Sister Carmelyn Du Buque

Sister Carmelyn Du BuqueFor someone who lives in almost total darkness because of macular degeneration, Sister Carmelyn is a light and a joy to whomever she meets.

In her early days in religious life, she reached out to her fellow sisters and workers at Madonna High School. Sister helped out when a homemaker was sick. She helped with stage work for the school plays and refinished every student’s desk. (Later, at Alverno College, Sister taught the maintenance men how to refinish furniture.) “It was a lot of work at Madonna, but we were happy,” she said. She also made rosaries for all the graduates, for weddings, and for her family.

Sister Carmelyn was attracted to the School Sisters of St. Francis because her aunt, Sister Maurina Matt, was a nurse at Maryhill Hospital. She was fascinated with her aunt whenever she came home for a visit. Sister did not want to become nurse, though, when she entered the community after completely high school and working at Woolworth’s for a year. She liked dealing with people and she was being trained to be a department manager. However, our community popped into her head when she wanted to do something better than work in a drug store.

Sister Carmelyn feels her life has been very enriching, especially her 50 years at Alverno College as an assistant to the director of residence for the students, a driver (especially for the sisters coming to summer school), and later as a director of purchasing.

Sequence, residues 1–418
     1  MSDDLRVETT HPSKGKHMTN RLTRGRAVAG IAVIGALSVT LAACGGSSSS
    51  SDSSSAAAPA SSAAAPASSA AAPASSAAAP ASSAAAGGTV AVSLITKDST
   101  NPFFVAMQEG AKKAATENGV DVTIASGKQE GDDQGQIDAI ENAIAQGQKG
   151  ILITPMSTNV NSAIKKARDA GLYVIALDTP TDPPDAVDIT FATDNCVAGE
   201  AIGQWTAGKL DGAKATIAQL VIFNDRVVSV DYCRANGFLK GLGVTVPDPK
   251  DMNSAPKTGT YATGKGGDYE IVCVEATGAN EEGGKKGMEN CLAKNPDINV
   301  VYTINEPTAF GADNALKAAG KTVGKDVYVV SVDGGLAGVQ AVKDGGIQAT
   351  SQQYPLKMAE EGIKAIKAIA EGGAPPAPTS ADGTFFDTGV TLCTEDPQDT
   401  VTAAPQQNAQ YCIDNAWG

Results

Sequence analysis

She welcomed changes to religious life like being able to live in apartments, go home to visit our family more often, and travel. Sister Carmelyn loves traveling and visited Ireland, many national parks, and she went on three cruises. Her trip to Sainte-Anne-de-Beaupré in Quebec, Canada, was especially enjoyable because of her French heritage. These are among her happy memories, along with being able to go off campus at Alverno in the days of borrowing a car. A family in Aurora, her first mission at Madonna, was very generous. The husband bought a car for his wife so she could drive the sisters for grocery shopping.

She has very few memories that she wants to forget, except the one about staying up until 1:00 in the morning on the weekends to wait for the students to return when she supervised them at the residence hall. Her funniest memory was of Sister Poverello, who accompanied her to the roof of Corona Hall at Alverno College, using a ladder to get outside the bedroom of a sister who snored loudly. They wanted to serenade her. Unfortunately, Sister Poverello fell off the ladder and broke her ankle. Every time they went to the doctor for it, the two of them laughed! Finally, the doctor asked why they laughed when they came to see him, so they told him how Poverello had broken her ankle.

Clement Manor was her home for 14 years after retiring from Alverno. She made many good friends there. Now “Sacred Heart is a great place to live,” according to Sister Carmelyn. She feels so fortunate that she can be in her room if she wants to be, where staff and the sisters visit her frequently. She is never lonesome. She can go to the chapel and she is willing to wait for people to help her. Her niece and a nephew, the children of her only brother, come to see her and call very regularly. Her family name will live on through them, but it will also do so, because of the city with her name in Iowa. Her sense of humor brings so much joy to others, especially those who lived with her and who are now at Sacred Heart, too.

If a woman would be interested in religious life today, Sister Carmelyn would tell her of the joy she has experienced by going out to help people wherever she was asked by the community to use her gifts and talents. She loved mingling with the people with whom she worked to make life meaningful.

God bless you, Sister Carmelyn, for your 75 years of service to God, to the School Sister of St. Francis community, and to the people of God.

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